She was my sister, Deirdre’s God-mother and our neighbor across the street when we were growing up. She was also a teacher for nearly 34-years and the member of a Del Norte County pioneer family.
By 1964 she had retired from teaching elementary school and when the flood raced through the town of Klamath that same year, the school, Klamath Union was renamed in her honor. Today Margaret Keating School holds classes for students from kindergarten to sixth grade.
For years, her picture hung in the hallway between the office entrance and the nurse’s station at the school. It’s since been taken down and never replaced – which is ironic as she was a strong proponent for educating local Native American children in both the way of the “Anglo,” as she put it, and in “their own long and colorful” history.
Born Margaret Elizabeth Morrison in 1895, she and her brother, Hadley grew up in Del Norte County, on the outskirts of Crescent City. By 1916, Margaret was a 21-year-old teacher, living in Crescent City and is even listed as a Democrat in the “Index to The Great Register of Del Norte County, California.”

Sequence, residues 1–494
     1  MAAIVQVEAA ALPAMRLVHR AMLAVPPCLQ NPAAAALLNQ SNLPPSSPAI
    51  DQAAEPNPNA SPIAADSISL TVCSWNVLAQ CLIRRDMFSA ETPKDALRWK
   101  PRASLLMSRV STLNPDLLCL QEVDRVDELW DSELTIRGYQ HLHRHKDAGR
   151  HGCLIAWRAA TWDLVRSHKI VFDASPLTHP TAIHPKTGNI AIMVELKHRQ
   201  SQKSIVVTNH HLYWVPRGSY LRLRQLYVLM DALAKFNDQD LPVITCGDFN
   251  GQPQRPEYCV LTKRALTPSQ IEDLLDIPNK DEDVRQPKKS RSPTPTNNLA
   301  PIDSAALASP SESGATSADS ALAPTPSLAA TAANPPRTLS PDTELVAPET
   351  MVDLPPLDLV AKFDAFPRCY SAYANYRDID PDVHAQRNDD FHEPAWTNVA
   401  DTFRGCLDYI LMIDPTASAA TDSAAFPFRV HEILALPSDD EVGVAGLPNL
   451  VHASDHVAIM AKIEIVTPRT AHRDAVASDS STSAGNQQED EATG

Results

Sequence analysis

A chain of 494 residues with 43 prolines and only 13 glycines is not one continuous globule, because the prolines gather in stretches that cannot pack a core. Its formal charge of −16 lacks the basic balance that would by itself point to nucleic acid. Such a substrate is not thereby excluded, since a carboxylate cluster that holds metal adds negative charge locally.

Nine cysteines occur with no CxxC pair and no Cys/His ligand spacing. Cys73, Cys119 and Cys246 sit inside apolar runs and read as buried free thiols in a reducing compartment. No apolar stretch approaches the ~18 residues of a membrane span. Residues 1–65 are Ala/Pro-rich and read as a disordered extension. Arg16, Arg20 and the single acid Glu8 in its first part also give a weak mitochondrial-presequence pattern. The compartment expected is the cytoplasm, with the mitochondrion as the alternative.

She married William Keating and moved to Klamath, but was left a widow by his death in 1947, and never remarried. Afterwards, she devoted her time to her Catholic faith and to collecting Indian artifacts and finding homes for them in museums like “The End of the Trail,” at the Trees of Mystery.
She eventually moved from the home on the corner of Redwood and Azalea Drives’ in the mid-to-late 1970 s, to Eureka in order to be closer to her family. I saw her one last time in July of 1979, shortly before shipping out for F. E. Warren AFB, in Cheyenne, Wyoming.
It’s in Eureka where she passed away April 17th, 1985 and is interred at St. Bernard’s Catholic Cemetery. All that’s remains of her memory are a few pictures, an obituary from the Times-Standard and the school — which for the time being — still retains her name.